Articles Tagged with Naples car accident lawyer

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Florida no-fault car insuranceFlorida no-fault car insurance law isn’t going anywhere, at least this year. For motorists, that means continued reliance on personal injury protection (PIP) coverage and proof of serious injury before pursuing a fault-based car accident claim against negligent drivers.

Governor Ron DeSantis has vetoed the bipartisan Senate Bill 54, passed by state lawmakers in April. The bill would have rewritten our unique, no-fault state car insurance law and required drivers to obtain new policies by next year.

In a short statement released by the governor’s office, DeSantis, while calling the current law “flawed,” explained he felt the bill failed to adequately address issues faced by Florida drivers and could have adverse, unintended consequences for both consumers and the market.

The veto was a bit of a surprise, given that the bill had strong bipartisan support, passing with little debate several months ago. SupportersĀ  insisted it would reduce auto insurance premiums in a state that consistently ranks within the top five. However, analysis of potential impacts yielded mixed results. Plus, the insurance industry and medical providers came out swinging hard against it.

What Does Florida No-Fault Car Insurance Mean for Motorists?

The effect of the veto is that nothing really changes for Florida drivers, at least not this legislative term. No-fault auto insurance remains in place.

Florida is one of the few states that continues its use of no-fault car insurance, as opposed to a system of fault recognized by many states. Contrary to what some presume by its name, no-fault insurance doesn’t mean no-fault is assigned in the crash. It just means the coverage pays certain damages incurred by insureds upfront, regardless of who was at-fault. Continue reading

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Florida car accident injuries

When it comes to liability for Florida car accident injuries, well-established case law and the dangerous instrumentality doctrine allow vehicle owners to be held liable for injuries caused by the negligence of authorized drivers – even if the owner was not driving or otherwise negligent. However, there are exceptions for rental car companies under the federal Graves Amendment. Still, it may be possible to sue a rental car company for Florida car accident injuries under certain circumstances if the company is negligent.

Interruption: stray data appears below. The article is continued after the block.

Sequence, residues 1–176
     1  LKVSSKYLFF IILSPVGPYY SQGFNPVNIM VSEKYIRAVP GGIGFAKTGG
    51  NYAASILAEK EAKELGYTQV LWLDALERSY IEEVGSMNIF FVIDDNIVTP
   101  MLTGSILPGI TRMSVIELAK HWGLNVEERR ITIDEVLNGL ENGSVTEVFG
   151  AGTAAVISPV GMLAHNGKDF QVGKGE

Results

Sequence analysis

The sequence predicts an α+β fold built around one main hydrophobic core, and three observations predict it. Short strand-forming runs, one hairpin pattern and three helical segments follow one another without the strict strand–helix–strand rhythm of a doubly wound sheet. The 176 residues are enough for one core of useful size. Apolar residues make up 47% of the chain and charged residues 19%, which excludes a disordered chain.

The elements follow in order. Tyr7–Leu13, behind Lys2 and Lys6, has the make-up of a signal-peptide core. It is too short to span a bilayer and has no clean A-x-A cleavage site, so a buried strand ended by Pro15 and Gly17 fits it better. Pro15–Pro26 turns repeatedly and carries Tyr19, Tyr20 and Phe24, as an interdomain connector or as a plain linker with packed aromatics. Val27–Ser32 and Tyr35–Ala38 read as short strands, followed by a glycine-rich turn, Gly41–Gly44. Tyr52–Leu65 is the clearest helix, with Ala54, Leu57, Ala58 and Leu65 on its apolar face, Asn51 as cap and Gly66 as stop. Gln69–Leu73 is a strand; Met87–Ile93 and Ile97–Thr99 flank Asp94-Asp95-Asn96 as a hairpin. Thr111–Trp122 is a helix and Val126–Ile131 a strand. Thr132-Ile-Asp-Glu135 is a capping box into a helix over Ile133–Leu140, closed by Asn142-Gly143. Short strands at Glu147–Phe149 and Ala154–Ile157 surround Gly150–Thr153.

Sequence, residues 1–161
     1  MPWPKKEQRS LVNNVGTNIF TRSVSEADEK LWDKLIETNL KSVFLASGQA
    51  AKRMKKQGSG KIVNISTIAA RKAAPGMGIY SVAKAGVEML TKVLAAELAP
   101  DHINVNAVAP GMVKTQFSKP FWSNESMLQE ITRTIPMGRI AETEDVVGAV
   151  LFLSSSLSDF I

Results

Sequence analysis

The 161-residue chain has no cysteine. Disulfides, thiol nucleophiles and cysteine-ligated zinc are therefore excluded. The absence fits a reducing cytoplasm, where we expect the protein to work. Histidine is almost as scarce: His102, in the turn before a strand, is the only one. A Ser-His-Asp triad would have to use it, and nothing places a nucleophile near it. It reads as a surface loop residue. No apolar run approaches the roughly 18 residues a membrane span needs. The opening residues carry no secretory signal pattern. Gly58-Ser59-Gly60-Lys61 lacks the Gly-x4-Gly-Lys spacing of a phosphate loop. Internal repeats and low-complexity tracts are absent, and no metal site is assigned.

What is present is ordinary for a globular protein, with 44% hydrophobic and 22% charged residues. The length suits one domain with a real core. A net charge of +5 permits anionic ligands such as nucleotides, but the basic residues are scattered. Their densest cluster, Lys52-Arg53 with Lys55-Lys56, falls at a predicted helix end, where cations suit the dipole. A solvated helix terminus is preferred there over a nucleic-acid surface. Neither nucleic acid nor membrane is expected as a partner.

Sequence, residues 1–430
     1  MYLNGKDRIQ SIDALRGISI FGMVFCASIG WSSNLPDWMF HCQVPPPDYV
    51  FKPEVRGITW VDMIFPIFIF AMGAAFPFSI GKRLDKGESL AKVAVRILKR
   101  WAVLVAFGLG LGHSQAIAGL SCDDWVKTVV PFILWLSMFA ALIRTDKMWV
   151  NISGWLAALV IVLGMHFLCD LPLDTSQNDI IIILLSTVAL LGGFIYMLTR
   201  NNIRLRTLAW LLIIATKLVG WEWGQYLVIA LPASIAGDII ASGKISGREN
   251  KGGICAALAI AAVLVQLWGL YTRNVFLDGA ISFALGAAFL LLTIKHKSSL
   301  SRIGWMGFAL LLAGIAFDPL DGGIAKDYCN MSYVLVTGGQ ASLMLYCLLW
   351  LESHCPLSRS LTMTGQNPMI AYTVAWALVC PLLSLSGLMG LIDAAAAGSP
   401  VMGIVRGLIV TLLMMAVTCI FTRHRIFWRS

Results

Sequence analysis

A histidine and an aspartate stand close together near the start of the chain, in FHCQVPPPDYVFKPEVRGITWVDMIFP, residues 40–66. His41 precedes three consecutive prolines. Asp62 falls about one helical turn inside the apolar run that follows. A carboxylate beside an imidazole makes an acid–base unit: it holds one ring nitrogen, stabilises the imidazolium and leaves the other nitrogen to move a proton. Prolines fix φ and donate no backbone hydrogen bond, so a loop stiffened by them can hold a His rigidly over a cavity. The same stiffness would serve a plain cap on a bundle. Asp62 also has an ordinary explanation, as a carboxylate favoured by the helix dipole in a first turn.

A recent example is playing out in Florida courts, as reported by The Tampa Bay Times. While the possibility of recovery in this far-fetched case is incredibly unlikely, it will work to illustrate the point. This case started in 2013 when a man rented a vehicle from Enterprise. According to the affidavit, written from a corrections center where he is serving hard time for vehicular homicide, plaintiff stated he was in no shape to drive when he entered the rental center to rent a vehicle.

He reportedly could not get a rental in his own name because his driver’s license had expired. Plus, there was a warrant for his arrest. When he entered the rental facility, he said he was so intoxicated he could hardly walk. Because he did not have his own valid driver’s license, he presented that of his younger brother. He alleges that a management trainee at the facility either knew or should have known that his drunk state alone rendered him unsafe to drive. The fact that he was handed the keys anyway, he alleges, amounted to negligence.

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